Wave Makers place more importance on reaching the goal more than on personal recognition. They are driven by the anticipated impact and change rather than personal accolades.

Adaptable Persistence

Wave Makers have a healthy balance of persistence toward a goal while also adapting and adjusting when they get new information. Not deterred by setbacks, they are open to new ideas and insights. Wave Makers don’t give up on the goal, but remain flexible on how it is accomplished. They also:

  • Believe in their idea and themselves. Wave Makers believe in their ability to reach their goals in spite of obstacles. Grounded in their mission, they are both passionate about their idea and resourceful. They have a healthy confidence in realizing the goal without getting distracted or mired in future details.

Wave Makers seek out experts, read, listen, and build mentoring relationships.

Voracious Appetite for Learning

Wave Makers are always looking to enhance their knowledge and insights. Wave Makers seek out experts, read, listen, and build mentoring relationships. They are comfortable taking on a new idea or topic because they have confidence that they can learn what they need to know. Wave Makers:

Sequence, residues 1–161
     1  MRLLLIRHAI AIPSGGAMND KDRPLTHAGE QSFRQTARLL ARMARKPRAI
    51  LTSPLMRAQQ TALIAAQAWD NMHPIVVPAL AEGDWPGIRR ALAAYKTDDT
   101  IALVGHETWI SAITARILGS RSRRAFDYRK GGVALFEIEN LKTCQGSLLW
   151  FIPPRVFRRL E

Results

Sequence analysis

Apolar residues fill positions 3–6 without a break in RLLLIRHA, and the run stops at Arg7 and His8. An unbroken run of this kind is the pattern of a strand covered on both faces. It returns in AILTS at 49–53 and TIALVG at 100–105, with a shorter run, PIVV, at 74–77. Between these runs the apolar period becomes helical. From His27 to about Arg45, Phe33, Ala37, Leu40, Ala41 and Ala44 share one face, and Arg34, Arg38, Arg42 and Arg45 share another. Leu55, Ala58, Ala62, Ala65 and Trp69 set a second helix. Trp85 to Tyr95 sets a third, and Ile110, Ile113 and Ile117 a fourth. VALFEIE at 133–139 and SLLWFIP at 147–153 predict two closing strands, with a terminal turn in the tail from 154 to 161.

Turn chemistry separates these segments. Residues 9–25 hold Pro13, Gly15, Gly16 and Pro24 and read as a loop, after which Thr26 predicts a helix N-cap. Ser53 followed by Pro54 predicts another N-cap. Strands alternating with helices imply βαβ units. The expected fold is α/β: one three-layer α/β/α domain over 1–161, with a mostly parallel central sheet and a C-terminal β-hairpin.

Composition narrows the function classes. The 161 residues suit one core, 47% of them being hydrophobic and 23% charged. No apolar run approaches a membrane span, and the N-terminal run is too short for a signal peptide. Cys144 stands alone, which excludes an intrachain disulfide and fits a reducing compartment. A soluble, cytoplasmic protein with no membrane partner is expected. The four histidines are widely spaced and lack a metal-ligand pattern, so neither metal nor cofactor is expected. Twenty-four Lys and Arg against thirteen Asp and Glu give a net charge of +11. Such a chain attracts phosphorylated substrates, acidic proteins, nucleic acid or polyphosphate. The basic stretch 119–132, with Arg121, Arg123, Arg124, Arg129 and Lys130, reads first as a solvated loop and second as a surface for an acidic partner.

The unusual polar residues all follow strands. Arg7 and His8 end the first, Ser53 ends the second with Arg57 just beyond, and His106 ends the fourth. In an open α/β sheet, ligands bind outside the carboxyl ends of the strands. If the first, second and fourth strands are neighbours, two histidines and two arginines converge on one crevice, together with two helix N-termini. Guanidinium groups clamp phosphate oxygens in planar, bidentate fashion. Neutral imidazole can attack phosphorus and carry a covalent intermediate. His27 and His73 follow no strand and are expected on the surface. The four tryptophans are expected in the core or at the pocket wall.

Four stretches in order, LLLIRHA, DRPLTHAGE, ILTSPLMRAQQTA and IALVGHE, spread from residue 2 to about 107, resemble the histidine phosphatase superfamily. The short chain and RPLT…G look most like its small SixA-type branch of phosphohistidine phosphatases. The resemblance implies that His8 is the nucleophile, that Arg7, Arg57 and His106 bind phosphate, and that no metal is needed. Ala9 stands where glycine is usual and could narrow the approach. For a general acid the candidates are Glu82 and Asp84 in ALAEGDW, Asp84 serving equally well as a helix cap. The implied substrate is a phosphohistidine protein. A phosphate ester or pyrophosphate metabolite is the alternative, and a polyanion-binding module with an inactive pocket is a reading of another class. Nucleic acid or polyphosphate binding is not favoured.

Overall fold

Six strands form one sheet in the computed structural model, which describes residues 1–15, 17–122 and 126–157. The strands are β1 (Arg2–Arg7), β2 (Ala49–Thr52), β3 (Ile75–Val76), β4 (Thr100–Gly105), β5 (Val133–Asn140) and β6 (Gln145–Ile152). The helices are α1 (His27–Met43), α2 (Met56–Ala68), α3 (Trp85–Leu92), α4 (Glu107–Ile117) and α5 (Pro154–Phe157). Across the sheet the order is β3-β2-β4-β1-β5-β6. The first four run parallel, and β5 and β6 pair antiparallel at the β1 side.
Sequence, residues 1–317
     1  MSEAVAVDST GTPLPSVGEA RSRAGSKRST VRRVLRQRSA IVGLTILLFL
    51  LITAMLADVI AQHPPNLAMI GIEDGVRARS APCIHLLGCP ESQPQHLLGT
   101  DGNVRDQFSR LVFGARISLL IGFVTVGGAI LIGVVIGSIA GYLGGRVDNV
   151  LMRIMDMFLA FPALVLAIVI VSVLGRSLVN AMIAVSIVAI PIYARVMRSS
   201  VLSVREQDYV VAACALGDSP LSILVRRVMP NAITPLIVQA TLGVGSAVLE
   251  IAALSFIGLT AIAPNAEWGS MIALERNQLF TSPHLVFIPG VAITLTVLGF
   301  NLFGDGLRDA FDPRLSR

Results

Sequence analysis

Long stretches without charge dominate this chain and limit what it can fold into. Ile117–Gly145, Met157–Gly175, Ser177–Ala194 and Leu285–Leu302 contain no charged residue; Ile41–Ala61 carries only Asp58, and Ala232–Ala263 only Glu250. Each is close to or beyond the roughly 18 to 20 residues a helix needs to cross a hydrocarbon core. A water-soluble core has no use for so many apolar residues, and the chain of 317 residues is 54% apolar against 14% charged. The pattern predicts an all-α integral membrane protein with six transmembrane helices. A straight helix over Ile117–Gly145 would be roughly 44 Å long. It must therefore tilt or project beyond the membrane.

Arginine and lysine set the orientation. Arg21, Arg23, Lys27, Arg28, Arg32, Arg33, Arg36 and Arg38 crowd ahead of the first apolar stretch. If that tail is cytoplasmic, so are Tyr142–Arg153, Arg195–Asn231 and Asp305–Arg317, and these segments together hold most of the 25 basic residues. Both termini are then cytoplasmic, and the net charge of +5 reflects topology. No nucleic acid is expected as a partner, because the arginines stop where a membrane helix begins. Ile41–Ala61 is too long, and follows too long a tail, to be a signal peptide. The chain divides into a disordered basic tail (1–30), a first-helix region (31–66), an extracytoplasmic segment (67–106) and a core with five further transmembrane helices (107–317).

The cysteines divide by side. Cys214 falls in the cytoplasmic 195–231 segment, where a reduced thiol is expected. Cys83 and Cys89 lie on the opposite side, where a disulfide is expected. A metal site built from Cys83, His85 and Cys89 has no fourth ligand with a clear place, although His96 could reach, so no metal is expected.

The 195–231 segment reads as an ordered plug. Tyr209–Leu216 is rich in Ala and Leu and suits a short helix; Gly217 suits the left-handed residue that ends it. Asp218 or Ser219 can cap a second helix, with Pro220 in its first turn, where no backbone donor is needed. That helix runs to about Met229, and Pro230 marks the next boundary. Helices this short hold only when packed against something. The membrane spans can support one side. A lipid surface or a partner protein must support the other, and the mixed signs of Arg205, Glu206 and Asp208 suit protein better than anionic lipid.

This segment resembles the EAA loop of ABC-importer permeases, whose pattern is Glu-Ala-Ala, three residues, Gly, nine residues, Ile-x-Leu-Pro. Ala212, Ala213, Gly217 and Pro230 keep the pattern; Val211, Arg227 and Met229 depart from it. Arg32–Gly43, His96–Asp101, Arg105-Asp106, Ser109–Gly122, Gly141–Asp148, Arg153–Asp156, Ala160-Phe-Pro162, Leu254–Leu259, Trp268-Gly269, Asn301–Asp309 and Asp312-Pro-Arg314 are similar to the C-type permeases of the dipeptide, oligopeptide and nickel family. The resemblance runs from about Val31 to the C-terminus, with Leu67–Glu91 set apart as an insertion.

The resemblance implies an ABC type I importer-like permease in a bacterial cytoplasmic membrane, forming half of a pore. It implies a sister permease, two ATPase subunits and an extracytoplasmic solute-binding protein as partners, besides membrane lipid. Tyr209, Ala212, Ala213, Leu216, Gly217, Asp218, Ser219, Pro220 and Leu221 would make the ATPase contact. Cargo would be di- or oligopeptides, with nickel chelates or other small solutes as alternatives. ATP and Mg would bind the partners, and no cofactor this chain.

• Are comfortable with ambiguity; they find the way. Guided by a strong belief in themselves and their goal, they have a bias for action and can move forward with a plan that has unknowns. They know when and how to seek expert advice for new insights as they move forward.
  • Are curious and ready to explore. Wave Makers often ask, “Why?” and “What if?” It’s in their nature to want to understand, apply new ideas to their work, and explore. Wave Makers examine topics that on the surface may not seem linked to their work, but they see connections.

Positive Collaboration

Wave Makers generally start from an intention of positivity and trust. They have a bias for transparency and authenticity in how they work with others. They aren’t driven by ego as much as by a desire to work together toward a shared goal. In addition, they:

  • Engage and connect others to the mission. Wave Makers know that the way they communicate with others is vital to advancing their idea. They know that it is important to share their goals with many people to ensure their idea’s survival. They translate the meaning and purpose through stories that are relevant and meaningful to others.